As Democratic Republic of Korea’s (DPRK) continuous development of non-conventional weapons and challenges of the international community reaches a new level, Republic of Korea (ROK) appears more than ever as the frontline state on which most of North-East Asia security depends.
Defense Research Unit
Western armies today face a triple challenge. First, they have been involved in “wars amongst populations” for twenty-five years, having to cope with failed states, fractured societies, and irregular adversaries. Counterinsurgency (COIN) may be out of fashion, but stabilization operations remain as complex as ever. Whether for maintaining peace or countering an insurrection, military intervention cannot deliver victory on its own, yet other “global approach” actors are often either absent or ineffective, not to mention the lack of political support and the constraints posed by permanent pressure from the media.
Meanwhile, Western forces must retain the ability to conduct high-intensity operations when fighting symmetric or hybrid adversaries that benefit from training and advanced weapons. The constituent parts of military transformation tend to spread to regional powers. Accordingly, our defense systems have to stay in the technological race and incorporate into their equipments and doctrines the multiple innovations fostered by progress in intelligence gathering and miniaturisation (sensors, networks, robotics, precision ammunition, etc.).
Remaining full spectrum is also a challenge as our militaries face unprecedented constraints in terms of numbers and budgets. in addition, operational tempo has increased and enemies have toughened. The armed forces are thus being asked to achieve more with less. The political and budgetary context, especially in Europe, is likely to limit the size of militaries and the conditions of their use. It is therefore necessary in the short term to offer solutions for optimization and set the stage for a necessary military build up in the future. Established within Ifri’s Security Studies Center, the Defense Research Unit - LRD’s analysis focuses on French forces first and foremost, as well as the militaries of their main allies.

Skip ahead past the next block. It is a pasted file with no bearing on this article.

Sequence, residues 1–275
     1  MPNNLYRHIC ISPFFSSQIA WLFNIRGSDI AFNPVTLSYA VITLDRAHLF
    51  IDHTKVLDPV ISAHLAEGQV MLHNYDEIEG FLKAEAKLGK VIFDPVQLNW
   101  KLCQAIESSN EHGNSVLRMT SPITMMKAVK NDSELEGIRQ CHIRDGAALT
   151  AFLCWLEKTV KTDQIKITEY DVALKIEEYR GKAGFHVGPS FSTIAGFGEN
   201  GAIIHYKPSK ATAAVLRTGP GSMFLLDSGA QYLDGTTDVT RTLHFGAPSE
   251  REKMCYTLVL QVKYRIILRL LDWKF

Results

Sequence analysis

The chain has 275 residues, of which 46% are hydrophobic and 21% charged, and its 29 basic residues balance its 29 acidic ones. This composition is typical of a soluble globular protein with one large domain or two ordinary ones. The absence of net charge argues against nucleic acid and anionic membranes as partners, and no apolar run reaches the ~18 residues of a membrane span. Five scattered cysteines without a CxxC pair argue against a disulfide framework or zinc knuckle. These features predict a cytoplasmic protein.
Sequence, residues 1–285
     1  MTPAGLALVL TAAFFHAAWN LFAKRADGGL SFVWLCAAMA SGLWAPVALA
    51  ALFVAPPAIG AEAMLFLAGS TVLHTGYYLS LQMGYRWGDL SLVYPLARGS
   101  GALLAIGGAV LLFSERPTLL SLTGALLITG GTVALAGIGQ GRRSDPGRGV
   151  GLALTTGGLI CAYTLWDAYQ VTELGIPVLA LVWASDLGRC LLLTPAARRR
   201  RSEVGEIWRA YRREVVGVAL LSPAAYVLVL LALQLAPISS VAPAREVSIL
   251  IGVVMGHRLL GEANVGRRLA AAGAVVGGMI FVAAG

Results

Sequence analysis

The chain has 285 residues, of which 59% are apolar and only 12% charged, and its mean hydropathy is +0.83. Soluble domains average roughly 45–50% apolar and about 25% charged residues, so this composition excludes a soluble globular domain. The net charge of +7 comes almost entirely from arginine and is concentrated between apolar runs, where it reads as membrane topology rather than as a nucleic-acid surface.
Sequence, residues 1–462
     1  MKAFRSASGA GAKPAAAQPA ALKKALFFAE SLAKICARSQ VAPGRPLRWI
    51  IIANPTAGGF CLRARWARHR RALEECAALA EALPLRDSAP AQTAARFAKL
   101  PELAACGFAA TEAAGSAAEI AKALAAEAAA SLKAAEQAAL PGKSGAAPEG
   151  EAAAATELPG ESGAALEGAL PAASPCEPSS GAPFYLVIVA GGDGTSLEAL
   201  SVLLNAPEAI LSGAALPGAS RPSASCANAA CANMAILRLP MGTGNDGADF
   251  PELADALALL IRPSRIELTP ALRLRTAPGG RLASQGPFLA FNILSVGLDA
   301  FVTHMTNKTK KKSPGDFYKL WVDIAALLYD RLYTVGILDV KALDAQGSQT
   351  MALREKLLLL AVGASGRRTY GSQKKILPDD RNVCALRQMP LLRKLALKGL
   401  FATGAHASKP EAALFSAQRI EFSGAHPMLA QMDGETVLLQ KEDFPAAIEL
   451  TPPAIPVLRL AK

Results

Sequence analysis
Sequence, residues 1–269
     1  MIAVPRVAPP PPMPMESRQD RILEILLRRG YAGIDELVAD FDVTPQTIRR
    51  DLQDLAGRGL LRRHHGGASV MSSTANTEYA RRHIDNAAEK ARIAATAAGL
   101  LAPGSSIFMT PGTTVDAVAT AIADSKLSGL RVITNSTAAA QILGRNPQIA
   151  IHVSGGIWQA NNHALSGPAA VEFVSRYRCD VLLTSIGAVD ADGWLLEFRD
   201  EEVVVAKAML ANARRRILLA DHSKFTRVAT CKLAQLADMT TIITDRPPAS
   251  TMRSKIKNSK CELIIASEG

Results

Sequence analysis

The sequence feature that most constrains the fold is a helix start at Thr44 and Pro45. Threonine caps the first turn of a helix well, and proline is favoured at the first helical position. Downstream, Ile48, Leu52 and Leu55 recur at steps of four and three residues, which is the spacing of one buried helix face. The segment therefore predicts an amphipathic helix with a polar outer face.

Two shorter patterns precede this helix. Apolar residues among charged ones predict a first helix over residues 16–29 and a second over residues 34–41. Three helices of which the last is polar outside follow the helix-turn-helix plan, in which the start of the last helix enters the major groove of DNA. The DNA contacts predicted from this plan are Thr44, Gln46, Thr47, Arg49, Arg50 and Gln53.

As the prospect of the United Kingdom leaving the European Union raises increasing challenges to its international position, as well as major divisions at home, the future of British defense policy seems more uncertain than ever.
La survivabilité sur le champ de bataille : entre technologie et manœuvre Focus stratégique, No. 72, March 2017
The concept of survivability is central to the design of combat vehicles and to the elaboration of doctrines for the employment of military forces.
Les mutations du renseignement militaire : dissiper le brouillard de la guerre ? Focus stratégique, No. 71, January 2017
Military intelligence has evolved significantly as a result of advanced technology and the changing character of war.
Operation Sangaris: A Case Study in Limited Military Intervention Military Review, Vol. 96, No 6, November-December 2016
The French Army's Sangaris Operation in Central African Republic proved successful despite it being first undermined.
Surprise is a crucial dimension of military tactics, which stems from incertitude inherent to war.
The 2015 terror attacks in France and the ensuing activation by the Ministry of Defense of its homeland protection plan opened a new phase in the long history of the French Army’s involvement in internal security.
Retours sur Sangaris. Entre stabilisation et protection des civils Focus stratégique, No. 67, April 2016
In December 2013, France launched its operation Sangaris in the Central African Republic. What conclusions can be drawn for the stabilization of the country and the protection of civilians?
La sécurité énergétique des armées françaises. Le soutien pétrolier à l’heure de la transition Focus stratégique, No. 66, March 2016
Ever since its inception on the eve of World War One, the concept of securing fuel supply has consistently proven its vitality to military operations.
The Kurdish military’s recent history immediately brings to mind images of its mythical female fighters, and of its real victories against Daesh. But its successes have been primarily in Syria. In Iraq, the Kurdish military has been hindered by poor preparation, lack of effective weaponry, and...